Popularized by Gretchin Rubin of The Happiness Project, the one-sentence journal is perfect for the person who doesn’t have time to journal (or just has a hard time maintaining a routine). This format is as simple as it gets—all it takes is jotting down one sentence that sums up whatever stands out as significant about your day. The sentence doesn’t even have to be original—it could be a line from a book, a news headline, a pithy quote from a famous thinker, or even a funny quip from a friend. An obvious advantage of this style of journaling is the easy sense of accomplishment it offers. But those who use it say that limiting themselves to one sentence influences them to focus on just on the positive (i.e., the things they want to remember) in what they write down. Over time, this practice builds into a greater sense of gratitude and well-being. They also say that when they review the journal after a few months or even a year, they’re surprised to find how many memories can be contained in just one sentence. (In case it needs to be said, you’re definitely allowed to expand as needed into two sentences or more.)
Okay, don’t scroll past this one just yet. As woo-woo as it might sound, a dream journal is actually an awesome way to delve deeper into your own psyche, learning more about what makes you tick, what holds you back, and what might improve your happiness. Dreams are, after all, shaped by your psychology as much as they are by the sketchy burrito you ate the night before.
If you don’t always remember your dreams upon awakening, start with documenting past dreams that you remember—the childhood nightmare that sent you running to your parents’ room, the unexpected person who showed up in a hormone-fueled teenage dream, and so on. And your dreams don’t have to be full-scale sleep epics in order to be recorded. Even a fragment, a fleeting image or just a feeling you had upon waking is worth noting down. Psychologists say that when patients are asked to a recount a dream, they often leave out details that they think aren’t important, but that it’s precisely those details that often prove most significant down the road. They also recommend that in addition to the content of the dream, you note its context: Where and what time you went to sleep, how well you slept, anything that might have been on your mind before you dropped off, etc. All of this will help you understand the influences that shape your unconscious. While you can certainly research the “interpretation” of your dreams as much as you’d like, the real value of a dream journal is creating your own interpretation based on the patterns you notice and the connections you draw to your real life.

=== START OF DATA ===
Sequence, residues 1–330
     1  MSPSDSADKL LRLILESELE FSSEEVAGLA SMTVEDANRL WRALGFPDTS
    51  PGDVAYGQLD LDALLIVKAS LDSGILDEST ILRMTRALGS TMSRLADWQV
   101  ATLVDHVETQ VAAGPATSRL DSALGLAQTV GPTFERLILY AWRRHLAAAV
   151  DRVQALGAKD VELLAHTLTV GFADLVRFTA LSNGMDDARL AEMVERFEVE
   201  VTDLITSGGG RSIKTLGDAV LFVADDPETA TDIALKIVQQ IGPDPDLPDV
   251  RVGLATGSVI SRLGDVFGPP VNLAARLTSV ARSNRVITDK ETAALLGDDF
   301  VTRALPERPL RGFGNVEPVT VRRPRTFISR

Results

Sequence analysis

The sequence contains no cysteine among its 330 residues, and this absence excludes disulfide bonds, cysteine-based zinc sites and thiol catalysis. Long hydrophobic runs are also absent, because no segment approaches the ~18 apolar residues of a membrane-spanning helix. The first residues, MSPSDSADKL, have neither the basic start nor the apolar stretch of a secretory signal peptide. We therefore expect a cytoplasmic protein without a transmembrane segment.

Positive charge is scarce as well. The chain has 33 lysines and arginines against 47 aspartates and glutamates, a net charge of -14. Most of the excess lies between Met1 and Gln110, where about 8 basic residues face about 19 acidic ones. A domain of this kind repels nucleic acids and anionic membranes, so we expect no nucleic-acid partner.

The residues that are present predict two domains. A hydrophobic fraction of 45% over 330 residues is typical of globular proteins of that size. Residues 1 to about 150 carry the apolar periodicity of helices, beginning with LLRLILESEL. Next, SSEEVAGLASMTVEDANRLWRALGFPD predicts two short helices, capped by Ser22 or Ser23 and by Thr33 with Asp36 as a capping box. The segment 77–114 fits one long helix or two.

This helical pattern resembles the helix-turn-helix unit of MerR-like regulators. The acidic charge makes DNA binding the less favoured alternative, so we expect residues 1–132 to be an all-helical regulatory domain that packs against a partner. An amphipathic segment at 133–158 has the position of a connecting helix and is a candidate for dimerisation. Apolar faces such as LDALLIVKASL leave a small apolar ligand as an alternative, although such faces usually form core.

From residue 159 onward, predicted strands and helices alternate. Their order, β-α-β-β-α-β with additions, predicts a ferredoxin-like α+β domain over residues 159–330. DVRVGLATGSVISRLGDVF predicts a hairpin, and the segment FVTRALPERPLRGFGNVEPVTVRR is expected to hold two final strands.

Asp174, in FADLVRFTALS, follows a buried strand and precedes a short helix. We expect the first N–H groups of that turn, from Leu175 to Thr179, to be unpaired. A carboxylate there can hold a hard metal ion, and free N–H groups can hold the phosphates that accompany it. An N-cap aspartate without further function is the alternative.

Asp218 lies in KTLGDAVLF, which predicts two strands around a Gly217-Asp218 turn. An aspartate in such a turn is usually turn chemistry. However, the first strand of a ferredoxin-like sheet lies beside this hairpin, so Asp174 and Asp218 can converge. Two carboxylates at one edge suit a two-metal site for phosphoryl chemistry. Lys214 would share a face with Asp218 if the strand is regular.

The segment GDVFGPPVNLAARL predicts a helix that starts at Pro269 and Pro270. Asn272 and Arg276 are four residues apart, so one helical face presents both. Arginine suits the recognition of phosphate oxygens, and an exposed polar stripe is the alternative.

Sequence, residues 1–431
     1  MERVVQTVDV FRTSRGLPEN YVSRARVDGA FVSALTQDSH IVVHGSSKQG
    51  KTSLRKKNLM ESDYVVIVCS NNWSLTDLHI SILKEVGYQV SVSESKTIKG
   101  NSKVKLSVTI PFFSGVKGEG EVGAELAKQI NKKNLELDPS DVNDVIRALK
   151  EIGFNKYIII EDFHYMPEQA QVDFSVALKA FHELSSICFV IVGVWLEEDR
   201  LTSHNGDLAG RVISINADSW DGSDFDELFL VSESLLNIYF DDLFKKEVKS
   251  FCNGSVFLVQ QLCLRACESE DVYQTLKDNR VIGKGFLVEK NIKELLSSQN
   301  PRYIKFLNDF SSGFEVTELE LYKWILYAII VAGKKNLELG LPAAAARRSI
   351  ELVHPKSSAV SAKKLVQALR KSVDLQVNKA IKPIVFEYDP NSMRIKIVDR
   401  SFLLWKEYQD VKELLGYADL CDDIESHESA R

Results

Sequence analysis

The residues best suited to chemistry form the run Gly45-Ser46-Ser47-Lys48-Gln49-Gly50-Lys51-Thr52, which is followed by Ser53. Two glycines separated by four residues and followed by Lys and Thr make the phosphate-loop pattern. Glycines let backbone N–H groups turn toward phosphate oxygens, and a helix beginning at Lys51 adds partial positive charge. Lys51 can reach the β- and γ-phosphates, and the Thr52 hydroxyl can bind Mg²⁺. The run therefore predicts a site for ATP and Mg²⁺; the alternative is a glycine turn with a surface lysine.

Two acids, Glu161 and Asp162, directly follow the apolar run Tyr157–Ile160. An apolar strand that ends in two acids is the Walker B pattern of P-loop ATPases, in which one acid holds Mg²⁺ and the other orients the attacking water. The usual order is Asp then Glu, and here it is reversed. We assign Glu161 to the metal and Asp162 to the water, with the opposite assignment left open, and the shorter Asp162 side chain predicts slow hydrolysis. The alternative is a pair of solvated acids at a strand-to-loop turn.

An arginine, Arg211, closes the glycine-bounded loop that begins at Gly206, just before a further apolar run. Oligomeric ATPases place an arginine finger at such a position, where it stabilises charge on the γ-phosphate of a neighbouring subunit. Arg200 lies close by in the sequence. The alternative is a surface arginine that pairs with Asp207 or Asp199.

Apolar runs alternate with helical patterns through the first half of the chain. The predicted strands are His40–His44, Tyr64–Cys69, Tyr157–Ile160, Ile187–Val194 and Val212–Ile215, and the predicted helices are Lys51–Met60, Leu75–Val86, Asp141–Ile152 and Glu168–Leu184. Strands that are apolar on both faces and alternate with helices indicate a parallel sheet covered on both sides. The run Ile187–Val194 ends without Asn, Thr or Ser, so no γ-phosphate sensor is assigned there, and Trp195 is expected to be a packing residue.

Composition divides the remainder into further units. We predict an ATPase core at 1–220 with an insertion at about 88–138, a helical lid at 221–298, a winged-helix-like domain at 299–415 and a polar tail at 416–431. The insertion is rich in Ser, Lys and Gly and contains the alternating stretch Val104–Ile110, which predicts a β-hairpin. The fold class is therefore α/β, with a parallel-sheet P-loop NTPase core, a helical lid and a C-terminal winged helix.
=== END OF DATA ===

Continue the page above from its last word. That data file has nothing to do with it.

Dream journaling also allows you to clear your mental deck before heading out for the day, allowing you to start fresh each morning.
Words aren’t the only way to document your thoughts and experiences. If you’re the type who can’t throw away ticket stubs, matchbooks or concert flyers, a scrapbook-style journal is probably your ideal form. You’ll want a larger sized notebook for this one, along with some very strong acid-free glue or tape, since you’ll be packing the pages with the ephemera of your wild and crazy life. No need to keep it chronological—just pencil in the date and any other identifying information next to the items as you paste them on the pages. You can also add verbal descriptions or drawings where it feels right.
Now that you’re convinced you need to journal, check out these great notebooks to help contain those to-do lists and goals.